Banks: for ceo Carlo Messina, stability is the key word for growth for Italy and Intesa Sanpaolo

Technological drive and strong social focus: this is how the ceo achieved his best-ever first-half results challenging fintech with Isybank, the digital bank that will be able to manage up to five million customers

Ceo Carlo Messina

by Orsetta Pecci

Stability is the keyword for Carlo Messina, the ceo who in ten years has taken Intesa Sanpaolo to the podium as Europe’s leading bank. And who has just created in one year, with an investment of 1.8 billion, the most massive hiring of young people in decades. Isybank is Italy’s first digital bank and, in fact, the second largest in the country after Intesa itself, because it can handle five million customers. And by the end of 2023 he has already announced 7 billion in profits for the parent company after the best result ever achieved in the first half of the year. An important goal to which Messina has also led Intesa Sanpaolo after raising the salaries of its 100,000 employees. A choice, that of investing in the bank’s personnel, also made out of personal experience. Having himself begun his career in the bank as a first class employee, he is well aware of the need to support families at a time when inflation is on the rise again.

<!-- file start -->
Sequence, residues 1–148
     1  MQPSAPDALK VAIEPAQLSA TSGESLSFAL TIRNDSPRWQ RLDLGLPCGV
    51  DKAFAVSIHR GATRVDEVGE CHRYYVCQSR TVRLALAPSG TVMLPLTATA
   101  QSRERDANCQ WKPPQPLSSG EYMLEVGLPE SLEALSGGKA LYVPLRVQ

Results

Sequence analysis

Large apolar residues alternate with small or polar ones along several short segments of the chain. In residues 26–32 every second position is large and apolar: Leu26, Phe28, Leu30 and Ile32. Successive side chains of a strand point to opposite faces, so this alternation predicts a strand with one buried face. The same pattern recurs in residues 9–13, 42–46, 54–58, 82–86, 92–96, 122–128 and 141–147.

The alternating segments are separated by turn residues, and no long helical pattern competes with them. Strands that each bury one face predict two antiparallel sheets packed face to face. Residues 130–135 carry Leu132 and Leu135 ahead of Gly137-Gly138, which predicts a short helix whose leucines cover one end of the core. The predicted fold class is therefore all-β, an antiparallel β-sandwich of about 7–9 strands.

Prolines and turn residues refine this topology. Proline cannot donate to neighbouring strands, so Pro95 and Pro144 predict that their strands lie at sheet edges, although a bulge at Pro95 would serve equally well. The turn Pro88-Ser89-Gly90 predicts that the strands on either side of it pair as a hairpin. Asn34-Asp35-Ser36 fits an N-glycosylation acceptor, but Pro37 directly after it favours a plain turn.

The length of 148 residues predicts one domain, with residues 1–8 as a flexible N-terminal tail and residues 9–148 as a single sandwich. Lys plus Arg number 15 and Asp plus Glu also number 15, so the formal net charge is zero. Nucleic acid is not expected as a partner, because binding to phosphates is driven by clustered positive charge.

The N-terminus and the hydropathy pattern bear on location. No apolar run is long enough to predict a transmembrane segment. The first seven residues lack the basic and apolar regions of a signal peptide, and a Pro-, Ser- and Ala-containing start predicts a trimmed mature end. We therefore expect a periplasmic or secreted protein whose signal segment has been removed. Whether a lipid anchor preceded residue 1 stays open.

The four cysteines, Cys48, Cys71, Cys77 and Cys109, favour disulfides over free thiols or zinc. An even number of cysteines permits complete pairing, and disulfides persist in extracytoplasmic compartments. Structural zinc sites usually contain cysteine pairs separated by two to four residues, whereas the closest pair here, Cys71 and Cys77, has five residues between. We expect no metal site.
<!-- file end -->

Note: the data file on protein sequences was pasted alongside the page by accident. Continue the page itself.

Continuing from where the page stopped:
It is no coincidence, in fact, that Messina emphasises in all his public speeches that politics must not leave anyone behind and that every economic manoeuvre must start from helping the weakest, before illustrating what the bank has done directly to support the third sector, the voluntary sector and people in difficulty.

So, it is stability in the country’s government and social stability that are the ingredients (in addition to and alongside stability in the shareholding and management of a large financial institution like Intesa) that strengthen the economy and make it attractive to investment from abroad: “Compared to the pandemic and then the energy crisis, the Italian economy has demonstrated a capacity to react that few would have bet on. We should have,’ said Carlo Messina in an interview with Nicola Saldutti, head of the economic section of Corriere della Sera, Italy’s most important daily newspaper, ‘greater awareness of our country’s strengths and aspire to leadership in the European game. In recent years, to give just one example, investment in machinery and technology in Italy has grown by 25%, while the Germans invested ten times less, only 2.5%. Let us continue on this virtuous path, giving as a benchmark against which to compare ourselves who is at the top: Germany. This would be a winning approach if we want to play as a leader in Europe. Stability can enable us to achieve important results. And with the Meloni government, it seems to me that the conditions are there. Provided, however, that no one is left behind. That we bear in mind how many people in Italy today struggle to lead a dignified life. Considering that a country is made up of institutions, businesses, but also of families, of people. In the first six months of the year we pay 2.6 billion in taxes to the state. We guarantee foundations resources for their projects, and we carry out a broad programme against inequality in the country and favouring inclusion, so as not to leave anyone behind. We allocate 60 million in interventions to those in greatest difficulty, and then funding for young people, social housing. And we do this because we are the largest company in the country. And we must contribute to growth’.